After your browser collects all the “objects” from the web server (including the HTML file for the web page), the browser will display the full web page on your computer. Once the full page is displayed on your browser, then that will count as “1 pageview”. Remember, there can be hundreds of “hits” to the server, before it generates one pageview.


Visits

A visit happens when someone or something pays a visit to your website. For example, if I load the website
www.facebook.com on my browser, that will be counted as one visit to that website. A visitor can make multiple visits to a website during a given period, and have multiple pageviews in each of those visits.

Unique Visitors

I told you, a person could make multiple visits to a website during a given period. No matter how many visits I make to the website during a day, I will remain a unique visitor to that page. How do we know if a visitor is unique or not? Most common method is to track by the user’s IP + Device ID combination, but if you have placed an analytics code such as Google Analytics on your website, you will be able to “cookie track” the uniqueness of the visitors. Well, that may sound a little bit too advanced for the time being, so... errrrr... forget the cookies!


Clicks and Impressions


Apart from the words hits, visits, pageviews, and unique visits, there are two more words frequently being used in online advertising. Those words are “clicks” and “impressions”. What is a click? Use your mouse and click on this link and that is a click. (Got it?). Well, the word “click” always is used in reference to a “mouse click” on a web banner you place on a 3rd party website. For example, if you place an advertisement on this website and if someone “click” on that to reach your website, that is counted as a ”click” in your campaign reports (if your publisher is providing any). Then what is an impression? Simply take the literal meaning. An impression is, someone (potentially) seeing your advertisement. For example, if you place a banner ad on this web page, every time this page get loaded on some one's web browser, that is counted as an “impression” for your advertisement. Remember, you cannot expect a “click” without an “impression”. So, all the time the number of impressions you record for your campaign is higher than the number of clicks you receive. The clicks you received as a percentage of impressions, is known as the “Clickthrough Rate” (CTR). The beauty of online advertising is (compared to TV or Radio), you can know exactly how many people “reacted” to your campaign, by looking at your CTR. You can track exactly, how many times your advertisement was “delivered” to your target audience.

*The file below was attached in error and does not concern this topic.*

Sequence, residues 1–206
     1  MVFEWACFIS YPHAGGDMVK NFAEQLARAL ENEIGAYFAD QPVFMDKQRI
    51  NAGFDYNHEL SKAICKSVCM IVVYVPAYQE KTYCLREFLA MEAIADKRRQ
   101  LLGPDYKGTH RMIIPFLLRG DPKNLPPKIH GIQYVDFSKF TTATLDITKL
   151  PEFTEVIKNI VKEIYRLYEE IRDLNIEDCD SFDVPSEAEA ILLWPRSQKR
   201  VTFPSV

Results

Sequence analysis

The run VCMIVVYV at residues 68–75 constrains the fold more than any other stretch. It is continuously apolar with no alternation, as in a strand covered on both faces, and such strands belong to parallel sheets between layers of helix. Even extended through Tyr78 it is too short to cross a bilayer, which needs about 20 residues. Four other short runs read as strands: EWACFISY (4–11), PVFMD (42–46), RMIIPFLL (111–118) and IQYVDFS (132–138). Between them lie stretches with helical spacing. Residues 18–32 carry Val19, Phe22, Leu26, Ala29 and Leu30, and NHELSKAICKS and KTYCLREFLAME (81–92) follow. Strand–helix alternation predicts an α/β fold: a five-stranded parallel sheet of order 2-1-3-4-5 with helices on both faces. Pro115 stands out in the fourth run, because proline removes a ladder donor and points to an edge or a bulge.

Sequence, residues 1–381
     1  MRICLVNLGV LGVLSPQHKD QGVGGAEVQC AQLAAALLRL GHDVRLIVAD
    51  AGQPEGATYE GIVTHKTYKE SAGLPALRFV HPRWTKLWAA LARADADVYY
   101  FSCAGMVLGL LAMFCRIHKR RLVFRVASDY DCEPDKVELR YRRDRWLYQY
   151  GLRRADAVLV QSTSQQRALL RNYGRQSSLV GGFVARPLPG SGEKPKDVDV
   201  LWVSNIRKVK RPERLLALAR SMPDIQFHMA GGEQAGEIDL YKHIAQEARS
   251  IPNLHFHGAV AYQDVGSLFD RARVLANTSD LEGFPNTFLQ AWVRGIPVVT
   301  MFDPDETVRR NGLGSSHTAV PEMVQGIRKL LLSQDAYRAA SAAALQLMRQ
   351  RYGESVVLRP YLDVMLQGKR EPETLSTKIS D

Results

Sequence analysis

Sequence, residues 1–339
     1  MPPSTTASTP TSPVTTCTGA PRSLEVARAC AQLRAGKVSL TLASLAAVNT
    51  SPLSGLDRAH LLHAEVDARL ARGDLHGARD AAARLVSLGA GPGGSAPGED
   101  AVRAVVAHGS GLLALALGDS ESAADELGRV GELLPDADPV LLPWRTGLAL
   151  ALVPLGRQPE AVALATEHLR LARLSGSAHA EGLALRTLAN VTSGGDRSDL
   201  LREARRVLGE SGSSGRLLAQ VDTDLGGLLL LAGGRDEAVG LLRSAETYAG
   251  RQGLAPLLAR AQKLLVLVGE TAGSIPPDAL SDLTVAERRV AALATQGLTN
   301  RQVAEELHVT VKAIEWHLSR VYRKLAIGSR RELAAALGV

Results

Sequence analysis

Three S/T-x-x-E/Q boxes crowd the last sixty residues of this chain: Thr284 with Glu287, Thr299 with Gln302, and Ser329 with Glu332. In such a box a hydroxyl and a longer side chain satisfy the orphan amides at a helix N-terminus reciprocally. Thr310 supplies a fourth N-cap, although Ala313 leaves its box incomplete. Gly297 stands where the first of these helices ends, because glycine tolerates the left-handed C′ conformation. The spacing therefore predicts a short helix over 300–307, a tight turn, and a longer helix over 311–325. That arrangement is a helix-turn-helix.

So, as an advertiser, what are the matrices you should pay most attention?


Ignore the “hits”. Online advertising professionals should never use this word! Hits, is a matrix which is important for webmasters, not for marketers. Webmasters need to monitor the ‘hit rate’ to manage the network resources and optimize the server response time. However, for online marketers, this is a meaningless number.


Next time if someone try to market you some advertising space on a website, by highlighting the “hit rate” as a factor, never hesitate to ‘hit’ the guy in his face. (Disclaimer: I am not responsible for the consequences).
 

As someone who is looking to place a banner advertisement on a website, the number you should pay close attention is “pageviews”. Page views give you an idea about, how many “ad impressions” the website could deliver for you. For example, if a website is having 1 million pageviews for their home page for a month, and if you place a banner ad on their home page, you will potentially get 1 million ad impressions.



I hope this helped you to clear a lot of misconceptions, myths, and grey areas in online advertising jargon. Still having problems, understanding the concept? No worries! Simply get in touch with me through one of these methods. I may be able to help you further.

Originally posted on www.amisampath.com Like this blog? Get email updates when I post next time, or subscribe to the feed on a reader. Follow me on Twitter @Amisampath Please help improve the quality of this blog. Report any spelling or grammar mistake here